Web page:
Sierra Santiago loves art. She has a knack for creating images, and is currently working on a giant community mural. Strangely though she suddenly notices that the images around her are starting to move. Images are fading, facial expressions are changing. Strangers and strange creatures alike are suddenly chasing her. Sierra soon discovers that her family heritage is not as straightforward, or as ordinary, as she once thought, and she becomes embroiled in her most difficult project yet.
There is a lot to like in Daniel José Older’s Shadowshaper. Sierra, a young Afro-Latina highschooler is a strong and intelligent heroine, with insecurities and self-doubts that make her a multi-dimensional character. Her relationships with friends and family are warm and entertaining to read about, though interspersed with the inevitable difficulties. Her newfound ability – being powerful enough to render illustrations and infuse them with a magic that brings them to life – were, to be nerdy about it, totally cool. I think the young child in me was especially gleeful about that because one of my daydreams used to be having the power to do exactly that – imagine drawing the exact thing you wanted or needed and simply willing it into life. (You’d never want for anything! Of course you’d have to be a pretty good artist for it work…) Shadowshaping, however, can also singing and telling stories. The power itself seems an ode to the act of creation, and it’s an inspired touch.
Older creates a world that is very vivid and imaginative. The paranormal aspect is smoothly woven into the narrative. It’s thrilling to see the fantasy dimension buzzing behind the facade of Sierra’s urban life. The characters within it are numerous and beautifully diverse. High-school me would probably have cried tears of joy at this novel. The novel did, however, feel like it was lacking in character development when it came to some of the secondary characters. They weren’t as fleshed out as Sierra herself, and also made for some confusion in some of the scenes as I couldn’t immediately place who was who. I hope we get to see more of the other characters in the coming books.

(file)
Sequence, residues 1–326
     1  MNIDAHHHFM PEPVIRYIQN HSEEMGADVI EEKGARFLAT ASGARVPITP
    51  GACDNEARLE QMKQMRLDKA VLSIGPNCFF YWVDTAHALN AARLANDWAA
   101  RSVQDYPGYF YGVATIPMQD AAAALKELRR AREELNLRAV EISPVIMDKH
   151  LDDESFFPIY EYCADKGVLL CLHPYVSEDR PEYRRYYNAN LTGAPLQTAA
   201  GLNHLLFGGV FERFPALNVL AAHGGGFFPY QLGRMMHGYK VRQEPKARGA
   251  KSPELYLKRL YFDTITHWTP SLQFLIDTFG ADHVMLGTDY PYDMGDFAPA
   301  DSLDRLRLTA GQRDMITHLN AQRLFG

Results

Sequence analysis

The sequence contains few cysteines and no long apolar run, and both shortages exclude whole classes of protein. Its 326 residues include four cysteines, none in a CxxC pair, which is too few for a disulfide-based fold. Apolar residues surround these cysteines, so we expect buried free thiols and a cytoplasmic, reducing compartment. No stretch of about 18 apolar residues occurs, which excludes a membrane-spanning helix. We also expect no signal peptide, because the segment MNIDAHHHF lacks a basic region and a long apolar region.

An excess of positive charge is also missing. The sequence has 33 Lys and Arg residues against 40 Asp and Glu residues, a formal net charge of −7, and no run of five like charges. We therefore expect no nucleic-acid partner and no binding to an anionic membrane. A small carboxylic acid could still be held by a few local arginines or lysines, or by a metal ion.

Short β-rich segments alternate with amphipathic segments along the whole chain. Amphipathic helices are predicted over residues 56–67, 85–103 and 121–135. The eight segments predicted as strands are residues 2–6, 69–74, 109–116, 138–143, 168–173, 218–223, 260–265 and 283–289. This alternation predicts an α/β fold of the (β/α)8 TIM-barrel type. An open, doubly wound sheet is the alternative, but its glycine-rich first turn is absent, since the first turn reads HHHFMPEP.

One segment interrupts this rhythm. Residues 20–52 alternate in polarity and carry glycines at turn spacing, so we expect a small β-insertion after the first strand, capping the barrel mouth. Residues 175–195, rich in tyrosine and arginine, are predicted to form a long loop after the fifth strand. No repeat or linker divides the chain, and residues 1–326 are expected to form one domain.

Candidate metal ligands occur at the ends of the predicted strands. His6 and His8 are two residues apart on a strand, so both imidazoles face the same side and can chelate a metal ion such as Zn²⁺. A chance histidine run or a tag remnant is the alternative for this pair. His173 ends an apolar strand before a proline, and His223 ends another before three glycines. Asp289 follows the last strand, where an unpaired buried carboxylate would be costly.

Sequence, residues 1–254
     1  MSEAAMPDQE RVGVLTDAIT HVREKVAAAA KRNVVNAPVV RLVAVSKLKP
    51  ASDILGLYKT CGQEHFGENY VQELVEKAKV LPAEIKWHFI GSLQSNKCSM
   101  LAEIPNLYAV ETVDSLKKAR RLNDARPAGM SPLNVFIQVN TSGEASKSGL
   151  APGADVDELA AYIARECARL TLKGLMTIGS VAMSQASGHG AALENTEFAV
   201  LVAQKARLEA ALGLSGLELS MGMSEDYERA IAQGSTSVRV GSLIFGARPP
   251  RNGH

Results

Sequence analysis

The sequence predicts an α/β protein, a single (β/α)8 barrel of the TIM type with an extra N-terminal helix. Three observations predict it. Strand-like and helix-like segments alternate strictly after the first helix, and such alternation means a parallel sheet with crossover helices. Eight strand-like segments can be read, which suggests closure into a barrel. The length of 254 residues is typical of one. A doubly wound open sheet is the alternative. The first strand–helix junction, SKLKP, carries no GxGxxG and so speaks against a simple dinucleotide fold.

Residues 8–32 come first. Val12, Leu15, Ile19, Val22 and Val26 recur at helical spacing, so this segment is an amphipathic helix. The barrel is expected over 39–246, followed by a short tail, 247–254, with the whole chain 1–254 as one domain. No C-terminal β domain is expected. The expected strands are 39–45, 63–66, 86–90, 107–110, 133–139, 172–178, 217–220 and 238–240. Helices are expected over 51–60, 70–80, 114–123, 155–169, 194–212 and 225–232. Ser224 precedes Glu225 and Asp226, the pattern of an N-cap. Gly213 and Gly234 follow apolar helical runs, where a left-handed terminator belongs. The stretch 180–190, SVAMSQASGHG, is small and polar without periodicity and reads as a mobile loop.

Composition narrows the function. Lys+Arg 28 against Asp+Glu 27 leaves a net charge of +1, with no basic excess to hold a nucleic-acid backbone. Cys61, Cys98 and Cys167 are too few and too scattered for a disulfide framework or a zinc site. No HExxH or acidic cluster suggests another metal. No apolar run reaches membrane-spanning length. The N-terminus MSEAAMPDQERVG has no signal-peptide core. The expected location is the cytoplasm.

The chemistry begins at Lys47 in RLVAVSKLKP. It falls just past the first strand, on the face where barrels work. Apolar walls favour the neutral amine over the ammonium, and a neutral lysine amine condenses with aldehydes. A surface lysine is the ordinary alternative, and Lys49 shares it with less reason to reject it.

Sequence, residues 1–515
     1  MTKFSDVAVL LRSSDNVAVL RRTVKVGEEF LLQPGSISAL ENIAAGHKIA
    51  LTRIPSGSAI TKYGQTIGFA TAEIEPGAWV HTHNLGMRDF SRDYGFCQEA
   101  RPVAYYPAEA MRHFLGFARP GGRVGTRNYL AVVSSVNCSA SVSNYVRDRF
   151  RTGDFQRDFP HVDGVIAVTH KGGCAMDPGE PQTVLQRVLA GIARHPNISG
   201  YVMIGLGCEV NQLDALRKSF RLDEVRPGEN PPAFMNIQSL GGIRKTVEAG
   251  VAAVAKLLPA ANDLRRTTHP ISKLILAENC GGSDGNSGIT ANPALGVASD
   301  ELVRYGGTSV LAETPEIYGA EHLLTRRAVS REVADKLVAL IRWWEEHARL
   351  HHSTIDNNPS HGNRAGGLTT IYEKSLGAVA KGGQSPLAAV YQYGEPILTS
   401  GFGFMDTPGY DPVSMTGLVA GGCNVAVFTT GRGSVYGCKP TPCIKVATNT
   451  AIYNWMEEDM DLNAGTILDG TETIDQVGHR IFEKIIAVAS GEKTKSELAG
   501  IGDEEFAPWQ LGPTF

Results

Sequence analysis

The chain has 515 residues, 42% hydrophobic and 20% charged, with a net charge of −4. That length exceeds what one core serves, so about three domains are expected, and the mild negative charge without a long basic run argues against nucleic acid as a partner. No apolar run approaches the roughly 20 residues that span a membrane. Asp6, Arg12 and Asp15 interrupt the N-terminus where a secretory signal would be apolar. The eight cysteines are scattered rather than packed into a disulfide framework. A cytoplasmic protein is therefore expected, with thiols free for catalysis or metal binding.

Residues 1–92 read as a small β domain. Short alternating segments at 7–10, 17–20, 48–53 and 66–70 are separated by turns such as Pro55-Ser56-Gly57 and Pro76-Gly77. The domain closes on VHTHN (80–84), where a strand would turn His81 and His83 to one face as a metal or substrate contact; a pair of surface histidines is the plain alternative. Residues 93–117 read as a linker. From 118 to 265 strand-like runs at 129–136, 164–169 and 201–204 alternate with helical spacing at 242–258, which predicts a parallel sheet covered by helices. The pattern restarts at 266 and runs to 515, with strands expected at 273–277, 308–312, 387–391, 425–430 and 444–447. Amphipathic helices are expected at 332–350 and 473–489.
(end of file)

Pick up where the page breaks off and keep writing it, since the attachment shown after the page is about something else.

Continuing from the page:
Sierra’s coming into her own is beautiful to watch, especially as she discovers her own family’s deep involvement in this supernatural community. Her bravery when it comes to embracing a part of her family that her own mother shunned was touching. My favourite scene involves a very important conversation with a female family relative that quite suddenly and unexpectedly moved me to tears. It was perhaps the most inspiring and heartening scene in the book for me. It seemed to encapsulate everything the book was about.
There is a strong theme running throughout it of oneness of community. The shadowshapers’ power stems from the strength of their relationship with their ancestors. Their entire system of power is structured around togetherness and community, and I loved that.It ties in with Sierra’s insecurities regarding her own skin colour, her African heritage, and watching her overcome her doubts, and even the doubts and jibes of those close to her made my heart swell. The novel is quite slim, so these scenes felt like they could have used a little more development as well. It was great to see Sierra take that first step but I wanted a something more surrounding that first step to make it more substantial. In any case Older has kicked off an entertaining series and I can’t wait to see where it takes us.